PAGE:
Once you pick out your stove, talk to the electrician to make sure the stove plug will match your newly installed 240V plug. Several shapes are available. 

Easy to DIY

To make your kitchen healthier without spending a bundle, use an induction hot plate, countertop oven or air fryer to cook without removing your gas stove. 

For more on which cooktop to select, see the appendix below.

Now your heating, water, and kitchen are electric, efficient, and running on clean energy. Congratulations! 

Thank you so much for reading the Home Electrification Updates from the Chesapeake Climate Action Network. To lean more about electrification efforts, sign up for our email list. 

We also have a campaign to MATCH donations for our electrification work in DC. Click HERE to learn more and donate.


What kind of heat pump do you need? 

Does your home have a furnace or air conditioners connected to air ducts to move the heated air around the house? If yes – consider a ducted system. If no – consider “mini-split” units. If you want to electrify and decarbonize your home but you are renting or cannot afford to install a permanent heat pump, consider a window unit which provides heat and cooling, either using heat pump technology or less-efficient resistance heat.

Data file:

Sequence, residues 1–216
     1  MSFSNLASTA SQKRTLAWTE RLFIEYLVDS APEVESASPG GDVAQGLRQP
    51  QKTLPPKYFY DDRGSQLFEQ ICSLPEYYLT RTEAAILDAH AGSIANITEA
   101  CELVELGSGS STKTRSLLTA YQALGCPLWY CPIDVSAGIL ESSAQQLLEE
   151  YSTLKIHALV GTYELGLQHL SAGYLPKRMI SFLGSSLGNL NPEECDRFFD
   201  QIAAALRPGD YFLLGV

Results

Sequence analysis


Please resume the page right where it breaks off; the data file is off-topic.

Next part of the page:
What kind of water heater do you need? 

Electric resistance water heaters come in more sizes than heat pump water heaters and cost less. However, heat pump models use one-third as much energy, often saving money in the long term.  
You’ll need to figure out what size water heater you need before installing a new one. Hot water heaters are rated by how much hot water they can put out in an hour (peak hour demand). To estimate your peak demand, consider what time of day your household uses the most hot water. Then use this worksheet to estimate how much hot water your household uses per hour at that time. Note: This is peak hour demand, not total daily hot water usage. You can reduce hot water needs by using low-flow shower heads and washing clothes and dishes with cold water when possible.  

What kind of cooktop do you need?

You can replace a gas stove with a traditional resistance-heat electric cooktop or range, or a modern induction cooktop. Induction cooktops use powerful magnets under a heavy-duty glass top to make the pan hot enough to cook food. The glass itself doesn’t get very hot. They are cleaner and safer than traditional electric cooktops.

What about Clothes Dryers?

The most efficient dryers use heat pump technology. Like heat pumps for space and water heating, heat pump clothes dryers are more efficient than their traditional counterparts, which translates to utility bill savings. And like heat pumps, heat pump clothes dryers will become even better for the environment as the grid becomes cleaner and manufacturers switch to new refrigerants.

Keep in mind: Most electric dryers are 240V but compact 120V dryers are available.